Voices are coming forward with stories of abuse haunting the hallways of Mission schools.
Nearly two dozen parents and former students – who the Record is keeping anonymous – have reached out following a series of alleged in-school assaults last week, both of which were filmed and posted online. The parents describe a “culture of bullying” within some schools.
Monday’s attack on a transgender teen by two fellow students sparked outrage in community, but many parents said the footage only captures a snapshot of what some local youth live through.
“‘You don’t know what it’s like to walk down the halls in Mission,’” said one mother, quoting her son. “He’s become a different person. He’s hard on himself. He thinks he’s a loser. He always puts himself down. He has no confidence at all. He used to do very well in school, and now, he just doesn’t care.”
That mother pulled her son out of school and moved away – an action some might call drastic, but one that seemed common among the parents to whom the Record spoke. Eight other parents said they had done the same.
They describe their children being subjected to physical violence by groups of bullies, continuous online harassment, and permanent trauma causing personality changes, depression, suicidal thoughts, anxiety, and other mental health deterioration.
One mother said her son suffers from PTSD as a result of the bullying, leading to ongoing counselling years after graduation.
“He is still waking several nights a week with nightmares about the assaults he suffered,” she said. “He now chooses to do his online school work during the night and sleep during the day, as he is less likely to have these troubling dreams.”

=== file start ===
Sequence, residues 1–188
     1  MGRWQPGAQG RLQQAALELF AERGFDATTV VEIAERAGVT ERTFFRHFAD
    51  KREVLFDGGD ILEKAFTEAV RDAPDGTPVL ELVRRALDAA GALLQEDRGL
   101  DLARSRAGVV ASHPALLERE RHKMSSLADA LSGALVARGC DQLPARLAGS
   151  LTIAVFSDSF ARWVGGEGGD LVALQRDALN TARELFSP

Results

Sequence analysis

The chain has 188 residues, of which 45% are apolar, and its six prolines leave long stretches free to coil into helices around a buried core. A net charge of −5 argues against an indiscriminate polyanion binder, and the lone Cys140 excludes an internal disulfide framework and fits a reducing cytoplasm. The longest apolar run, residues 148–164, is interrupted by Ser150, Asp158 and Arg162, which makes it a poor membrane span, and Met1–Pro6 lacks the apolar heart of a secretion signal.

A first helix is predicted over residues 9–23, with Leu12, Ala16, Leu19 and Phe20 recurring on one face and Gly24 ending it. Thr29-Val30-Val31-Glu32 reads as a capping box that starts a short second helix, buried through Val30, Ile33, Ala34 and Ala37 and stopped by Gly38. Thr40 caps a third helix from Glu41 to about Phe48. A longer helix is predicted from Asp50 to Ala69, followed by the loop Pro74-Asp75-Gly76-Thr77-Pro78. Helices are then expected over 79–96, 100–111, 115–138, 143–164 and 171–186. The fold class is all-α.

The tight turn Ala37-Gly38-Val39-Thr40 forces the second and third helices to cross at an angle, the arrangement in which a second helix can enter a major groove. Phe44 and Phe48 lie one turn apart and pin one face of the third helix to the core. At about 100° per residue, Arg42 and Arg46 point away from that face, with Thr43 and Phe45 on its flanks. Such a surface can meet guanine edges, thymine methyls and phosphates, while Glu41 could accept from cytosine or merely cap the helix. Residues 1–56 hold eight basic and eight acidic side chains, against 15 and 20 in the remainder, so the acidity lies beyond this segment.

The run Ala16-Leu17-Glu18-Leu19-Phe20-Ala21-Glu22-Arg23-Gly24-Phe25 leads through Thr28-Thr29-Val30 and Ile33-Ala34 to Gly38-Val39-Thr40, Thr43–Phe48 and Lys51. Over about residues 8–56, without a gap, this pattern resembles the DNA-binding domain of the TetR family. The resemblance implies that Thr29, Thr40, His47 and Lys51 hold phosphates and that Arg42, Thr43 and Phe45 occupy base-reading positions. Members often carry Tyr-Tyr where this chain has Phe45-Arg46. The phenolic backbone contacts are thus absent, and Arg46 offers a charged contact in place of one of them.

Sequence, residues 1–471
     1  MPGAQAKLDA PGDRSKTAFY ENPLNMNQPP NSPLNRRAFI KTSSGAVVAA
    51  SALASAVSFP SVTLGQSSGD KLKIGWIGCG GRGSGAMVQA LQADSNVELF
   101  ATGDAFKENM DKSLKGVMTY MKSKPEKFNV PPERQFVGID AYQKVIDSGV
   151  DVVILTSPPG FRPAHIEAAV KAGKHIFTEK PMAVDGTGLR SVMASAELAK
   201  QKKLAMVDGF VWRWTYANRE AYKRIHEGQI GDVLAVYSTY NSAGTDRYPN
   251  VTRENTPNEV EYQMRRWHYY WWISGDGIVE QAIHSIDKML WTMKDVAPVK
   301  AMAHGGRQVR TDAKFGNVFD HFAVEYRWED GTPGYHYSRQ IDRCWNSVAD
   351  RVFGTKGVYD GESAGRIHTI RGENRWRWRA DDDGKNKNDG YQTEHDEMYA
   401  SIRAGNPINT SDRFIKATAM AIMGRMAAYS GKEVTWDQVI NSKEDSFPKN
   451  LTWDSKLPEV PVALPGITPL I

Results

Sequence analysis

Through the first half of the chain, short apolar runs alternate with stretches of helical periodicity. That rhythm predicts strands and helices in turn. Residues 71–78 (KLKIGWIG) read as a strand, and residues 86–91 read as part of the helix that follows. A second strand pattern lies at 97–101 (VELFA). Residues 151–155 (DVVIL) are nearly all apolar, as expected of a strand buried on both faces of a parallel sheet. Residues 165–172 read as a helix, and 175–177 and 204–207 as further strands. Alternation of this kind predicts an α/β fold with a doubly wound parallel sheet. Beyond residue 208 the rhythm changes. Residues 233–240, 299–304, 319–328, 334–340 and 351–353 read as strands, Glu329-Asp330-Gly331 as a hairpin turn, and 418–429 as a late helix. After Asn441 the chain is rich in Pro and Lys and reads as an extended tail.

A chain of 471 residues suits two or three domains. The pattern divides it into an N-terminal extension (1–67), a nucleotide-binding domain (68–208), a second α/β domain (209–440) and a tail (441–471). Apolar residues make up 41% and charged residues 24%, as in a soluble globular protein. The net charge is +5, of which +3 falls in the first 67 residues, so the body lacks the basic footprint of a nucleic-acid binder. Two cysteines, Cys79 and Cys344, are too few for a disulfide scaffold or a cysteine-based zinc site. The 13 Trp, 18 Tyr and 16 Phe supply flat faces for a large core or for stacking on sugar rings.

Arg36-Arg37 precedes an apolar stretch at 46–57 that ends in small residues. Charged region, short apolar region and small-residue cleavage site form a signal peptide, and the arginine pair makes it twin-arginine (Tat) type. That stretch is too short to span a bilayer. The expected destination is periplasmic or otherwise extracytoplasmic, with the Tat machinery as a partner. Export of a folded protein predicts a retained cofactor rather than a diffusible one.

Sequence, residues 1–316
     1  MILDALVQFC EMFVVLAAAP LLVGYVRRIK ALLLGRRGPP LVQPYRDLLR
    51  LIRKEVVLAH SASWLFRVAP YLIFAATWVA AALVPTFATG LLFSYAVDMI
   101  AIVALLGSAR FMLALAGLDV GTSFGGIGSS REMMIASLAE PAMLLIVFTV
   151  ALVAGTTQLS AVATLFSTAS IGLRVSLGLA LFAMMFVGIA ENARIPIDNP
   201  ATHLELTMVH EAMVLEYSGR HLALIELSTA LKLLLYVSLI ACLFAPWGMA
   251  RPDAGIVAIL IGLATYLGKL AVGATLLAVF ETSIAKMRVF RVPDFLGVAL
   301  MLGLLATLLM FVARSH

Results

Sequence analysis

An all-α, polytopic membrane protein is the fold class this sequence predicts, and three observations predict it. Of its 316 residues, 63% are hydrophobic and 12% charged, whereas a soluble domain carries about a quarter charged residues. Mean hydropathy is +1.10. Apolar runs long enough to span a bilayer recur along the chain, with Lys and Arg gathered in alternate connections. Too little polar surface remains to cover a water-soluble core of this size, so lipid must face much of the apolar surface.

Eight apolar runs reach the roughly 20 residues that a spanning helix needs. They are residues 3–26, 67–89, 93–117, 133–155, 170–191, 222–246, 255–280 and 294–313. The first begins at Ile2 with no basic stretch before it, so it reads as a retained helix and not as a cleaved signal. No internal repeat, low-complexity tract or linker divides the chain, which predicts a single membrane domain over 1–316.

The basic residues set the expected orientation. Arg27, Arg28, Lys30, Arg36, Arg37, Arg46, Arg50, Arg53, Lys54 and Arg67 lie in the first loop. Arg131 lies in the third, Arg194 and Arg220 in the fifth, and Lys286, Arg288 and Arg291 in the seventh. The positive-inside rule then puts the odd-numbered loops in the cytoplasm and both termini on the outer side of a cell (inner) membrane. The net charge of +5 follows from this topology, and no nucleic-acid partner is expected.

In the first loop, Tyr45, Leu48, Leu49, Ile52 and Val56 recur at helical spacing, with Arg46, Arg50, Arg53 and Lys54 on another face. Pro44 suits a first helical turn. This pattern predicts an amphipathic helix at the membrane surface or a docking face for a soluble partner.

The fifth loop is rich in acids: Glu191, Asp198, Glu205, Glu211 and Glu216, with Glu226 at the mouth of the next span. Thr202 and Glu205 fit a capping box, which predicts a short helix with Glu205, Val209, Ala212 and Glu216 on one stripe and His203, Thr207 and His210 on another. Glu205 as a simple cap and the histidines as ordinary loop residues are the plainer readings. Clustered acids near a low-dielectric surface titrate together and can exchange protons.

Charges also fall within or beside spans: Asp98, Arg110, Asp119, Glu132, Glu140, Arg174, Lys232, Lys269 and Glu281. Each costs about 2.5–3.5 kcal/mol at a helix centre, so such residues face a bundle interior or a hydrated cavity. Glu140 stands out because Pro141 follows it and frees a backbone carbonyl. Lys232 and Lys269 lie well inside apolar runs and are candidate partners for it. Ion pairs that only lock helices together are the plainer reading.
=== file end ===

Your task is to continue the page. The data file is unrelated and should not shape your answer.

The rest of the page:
These cases – the majority ongoing or from recent years – shed light on a long-unaddressed issue, according to many parents, leaving most with the opinion the current anti-bullying procedures in schools are inadequate and need to be reworked.
Of the parents the Record spoke to, with children currently attending schools in the district, the most extreme cases (but not all) relate to École Heritage Park Middle School (EHMS).
Last week’s assaults led to the arrest of three girls who attended the middle school.
The teen who was attacked on Jan. 11 was being targeted because they identified as transgender, according to the victim’s mother.
She said the bullies frequently used homophobic slurs, and they were all from the same social circle – one of them had a long history of abusing her child.
A common theme among the parental worries about EHMS is the group aspect of the abuse.
One said there are at least 20 bullies terrorizing the rest of the student population, and her child’s situation was not unique.
“They’ll pick on anyone. Every single kid probably has had something happen to them.”
The students know there will be repercussions if they “snitch,” said one parent, and many fear they will be targeted if they don’t passively participate.
“Friends are now more influential, and [my son] refuses to tell me who’s doing what,” she said. “[He fears] he will then be ostracized and a victim himself.”
Students are threatened to end friendships with the victims, according to one parent, who said her child was told to “cut them off or get jumped.”
Some said physical violence and intimidation occurred in the wider community outside of schools.
The number of out-of-school suspensions at EHMS for assault, fighting, physical aggression, and dangerous behaviour do not indicate the school is more violent than others (or show an increasing trend), according to data provided by the district.
There have been 14 out-of-school suspensions at EHMS this year and 22 at Hatzic Middle School (HMS). Over the same time period last year, there were 13 and 20, respectively, and the year prior showed similar numbers.
Superintendent Angus Wilson said that cases of fighting and assault, however, were up 50 per cent at the middle schools. He said he’s heard from the ministry of education these numbers are up 40 per cent across B.C.
But Wilson said suspension statistics can be misleading. For instance, an absence of them in one school could indicate bullying issues are going unaddressed.